"AOA": 165.563833,
    "ARS": 14.99704,
    "AUD": 1.31945
  }
}

Installing Prerequisites

I'm going to try and change as little of Airflow's default setup as possible. This means leaving MySQL to store the job results.

The following was run on a fresh Ubuntu 14.04.3 LTS installation.

$ sudo apt-get update
$ sudo apt-get install \
    libffi-dev \
    libmysqlclient-dev \
    mysql-server \
    postgresql-9.3 \
    postgresql-server-dev-9.3 \
    python-dev \
    python-pip \
    python-virtualenv \
    rabbitmq-server \
    redis-server

I'll add my Linux account to PostgreSQL's list of super users and then create the rates database which will store the exchange rate history.

$ sudo su - postgres -c \
    "createuser \
        --pwprompt \
        --superuser \
        mark"
$ createdb rates

I'll then create the MySQL database for airflow. The default Airflow configuration has "airflow" baked in as the username and password used to connect to MySQL.

$ mysql \
    -uroot \
    -proot \
    -e "CREATE DATABASE airflow
        DEFAULT CHARACTER SET utf8
        DEFAULT COLLATE utf8_general_ci;

        GRANT ALL PRIVILEGES
        ON airflow.*
        TO 'airflow'@'localhost'
        IDENTIFIED BY 'airflow';

        FLUSH PRIVILEGES;"

I'll then start Redis as it doesn't start automatically when you install it in Ubuntu via apt-get.

$ sudo /etc/init.d/redis-server start

Creating an Exchange Rates Table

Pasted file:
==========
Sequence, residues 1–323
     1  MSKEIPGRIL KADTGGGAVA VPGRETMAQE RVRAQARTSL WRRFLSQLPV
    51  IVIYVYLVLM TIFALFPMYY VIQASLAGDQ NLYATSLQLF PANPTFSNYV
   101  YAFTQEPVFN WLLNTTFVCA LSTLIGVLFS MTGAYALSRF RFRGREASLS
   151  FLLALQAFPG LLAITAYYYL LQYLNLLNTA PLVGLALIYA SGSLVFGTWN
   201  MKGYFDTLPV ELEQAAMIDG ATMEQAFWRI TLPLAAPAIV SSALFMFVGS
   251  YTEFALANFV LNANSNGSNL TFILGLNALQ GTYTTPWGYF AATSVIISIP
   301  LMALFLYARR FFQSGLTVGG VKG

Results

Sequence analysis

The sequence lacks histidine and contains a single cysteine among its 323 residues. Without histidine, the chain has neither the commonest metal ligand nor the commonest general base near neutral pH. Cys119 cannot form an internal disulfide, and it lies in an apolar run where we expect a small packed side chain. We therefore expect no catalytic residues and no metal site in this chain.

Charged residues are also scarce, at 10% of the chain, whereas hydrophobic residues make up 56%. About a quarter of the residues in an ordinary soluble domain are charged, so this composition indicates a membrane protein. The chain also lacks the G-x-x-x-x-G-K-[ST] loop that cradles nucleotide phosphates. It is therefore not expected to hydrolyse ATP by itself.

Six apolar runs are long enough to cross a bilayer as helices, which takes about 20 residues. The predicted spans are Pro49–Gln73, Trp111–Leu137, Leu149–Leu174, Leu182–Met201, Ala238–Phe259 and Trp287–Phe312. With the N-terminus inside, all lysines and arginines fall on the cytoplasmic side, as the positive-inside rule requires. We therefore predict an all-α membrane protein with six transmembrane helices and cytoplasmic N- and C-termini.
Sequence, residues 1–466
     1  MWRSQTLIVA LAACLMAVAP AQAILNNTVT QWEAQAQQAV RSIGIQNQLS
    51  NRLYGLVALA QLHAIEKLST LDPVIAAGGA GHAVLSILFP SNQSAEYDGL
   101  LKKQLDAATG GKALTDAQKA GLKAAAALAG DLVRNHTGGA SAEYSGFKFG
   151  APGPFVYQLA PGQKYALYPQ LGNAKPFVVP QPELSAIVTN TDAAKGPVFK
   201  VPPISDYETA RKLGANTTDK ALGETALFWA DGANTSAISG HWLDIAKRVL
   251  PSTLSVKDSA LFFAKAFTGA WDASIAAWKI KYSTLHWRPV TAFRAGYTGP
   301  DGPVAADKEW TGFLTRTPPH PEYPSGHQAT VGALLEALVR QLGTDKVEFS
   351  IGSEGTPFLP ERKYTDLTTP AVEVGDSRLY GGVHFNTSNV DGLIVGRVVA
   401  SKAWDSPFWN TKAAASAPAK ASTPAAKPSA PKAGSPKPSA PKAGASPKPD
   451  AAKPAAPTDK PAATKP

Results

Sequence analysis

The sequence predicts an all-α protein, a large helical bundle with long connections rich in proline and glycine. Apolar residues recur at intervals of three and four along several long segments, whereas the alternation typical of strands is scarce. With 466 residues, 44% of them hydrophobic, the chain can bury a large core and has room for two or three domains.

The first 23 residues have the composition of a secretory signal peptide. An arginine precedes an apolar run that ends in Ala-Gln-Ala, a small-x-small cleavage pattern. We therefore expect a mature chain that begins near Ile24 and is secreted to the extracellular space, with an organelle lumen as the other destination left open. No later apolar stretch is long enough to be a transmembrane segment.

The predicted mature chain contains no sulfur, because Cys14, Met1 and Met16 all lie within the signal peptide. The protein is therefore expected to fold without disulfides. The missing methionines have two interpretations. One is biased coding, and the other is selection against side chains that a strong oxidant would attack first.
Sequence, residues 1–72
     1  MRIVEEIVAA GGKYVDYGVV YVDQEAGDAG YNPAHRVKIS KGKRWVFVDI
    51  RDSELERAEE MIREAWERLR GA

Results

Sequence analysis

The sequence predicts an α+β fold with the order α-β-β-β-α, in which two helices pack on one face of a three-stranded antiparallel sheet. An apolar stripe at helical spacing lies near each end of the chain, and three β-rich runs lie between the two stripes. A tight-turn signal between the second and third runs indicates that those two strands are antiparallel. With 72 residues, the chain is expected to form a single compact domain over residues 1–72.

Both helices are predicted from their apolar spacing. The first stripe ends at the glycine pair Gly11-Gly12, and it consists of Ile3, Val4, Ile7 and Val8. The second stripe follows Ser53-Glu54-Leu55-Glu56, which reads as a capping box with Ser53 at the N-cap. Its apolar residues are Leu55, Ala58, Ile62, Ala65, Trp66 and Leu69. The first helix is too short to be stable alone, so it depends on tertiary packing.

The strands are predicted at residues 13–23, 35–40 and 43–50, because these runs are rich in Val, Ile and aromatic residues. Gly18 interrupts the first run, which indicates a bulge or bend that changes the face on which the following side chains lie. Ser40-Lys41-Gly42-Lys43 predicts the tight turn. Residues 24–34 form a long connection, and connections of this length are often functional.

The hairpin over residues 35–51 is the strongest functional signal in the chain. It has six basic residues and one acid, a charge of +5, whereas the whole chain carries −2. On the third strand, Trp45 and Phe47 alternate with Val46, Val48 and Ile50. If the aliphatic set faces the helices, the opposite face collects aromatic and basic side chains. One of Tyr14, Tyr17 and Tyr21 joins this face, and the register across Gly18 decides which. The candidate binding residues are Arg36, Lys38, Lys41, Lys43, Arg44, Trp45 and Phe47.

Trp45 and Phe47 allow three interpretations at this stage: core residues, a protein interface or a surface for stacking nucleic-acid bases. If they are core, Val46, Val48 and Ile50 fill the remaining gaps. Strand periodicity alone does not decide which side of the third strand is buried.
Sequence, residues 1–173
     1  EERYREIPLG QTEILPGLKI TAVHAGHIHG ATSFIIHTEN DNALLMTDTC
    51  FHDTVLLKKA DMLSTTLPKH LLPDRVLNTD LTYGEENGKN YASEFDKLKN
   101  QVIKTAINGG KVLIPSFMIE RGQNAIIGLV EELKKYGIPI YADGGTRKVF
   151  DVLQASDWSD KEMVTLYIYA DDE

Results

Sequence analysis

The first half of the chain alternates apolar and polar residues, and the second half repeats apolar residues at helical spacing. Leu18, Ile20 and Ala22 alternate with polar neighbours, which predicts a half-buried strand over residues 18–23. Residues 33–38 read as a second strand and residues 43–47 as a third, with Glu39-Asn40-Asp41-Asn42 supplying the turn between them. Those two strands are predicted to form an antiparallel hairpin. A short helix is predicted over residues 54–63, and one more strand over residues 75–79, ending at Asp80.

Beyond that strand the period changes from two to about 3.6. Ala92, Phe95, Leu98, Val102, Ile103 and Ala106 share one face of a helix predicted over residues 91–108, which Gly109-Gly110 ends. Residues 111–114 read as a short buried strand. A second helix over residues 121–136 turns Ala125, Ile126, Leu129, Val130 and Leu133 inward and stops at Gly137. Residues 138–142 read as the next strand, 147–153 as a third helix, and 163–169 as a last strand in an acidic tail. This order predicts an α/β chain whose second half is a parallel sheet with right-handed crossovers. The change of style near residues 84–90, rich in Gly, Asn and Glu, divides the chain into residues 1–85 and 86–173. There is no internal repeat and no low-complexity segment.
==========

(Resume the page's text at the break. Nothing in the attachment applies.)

As of this writing the API returns rates for 172 currencies paired with the US Dollar. I'm going to store the currency identifier as an ENUM. When I import an exchange rate I'll make sure it's pair exists. Any pairs supported in the future will need to be added to this enum.

For the exchange rate I'll use the DECIMAL data type in PostgreSQL. Most of the rates are stated up to 6 decimal places though Bitcoin (BTC) is stated till the 12th decimal place.

The timestamp is an epoch in UTC. I'll convert it from it's integer form into a datetime object and when it's inserted psycopg2 will convert it into a TIMESTAMP.

The primary key will be a SERIAL field which is an auto-incrementing integer that will run till 2,147,483,647. If we collect 172 exchange rates per hour, 24 hours a day, 5 days a week, 52 weeks a year we won't hit this 2.1 billion limit for 2,000 years.

$ psql rates
CREATE TYPE USD_PAIR AS ENUM (
    'AED', 'AFN', 'ALL', 'AMD', 'ANG', 'AOA', 'ARS',
    'AUD', 'AWG', 'AZN', 'BAM', 'BBD', 'BDT', 'BGN',
    'BHD', 'BIF', 'BMD', 'BND', 'BOB', 'BRL', 'BSD',
    'BTC', 'BTN', 'BWP', 'BYN', 'BYR', 'BZD', 'CAD',
    'CDF', 'CHF', 'CLF', 'CLP', 'CNY', 'COP', 'CRC',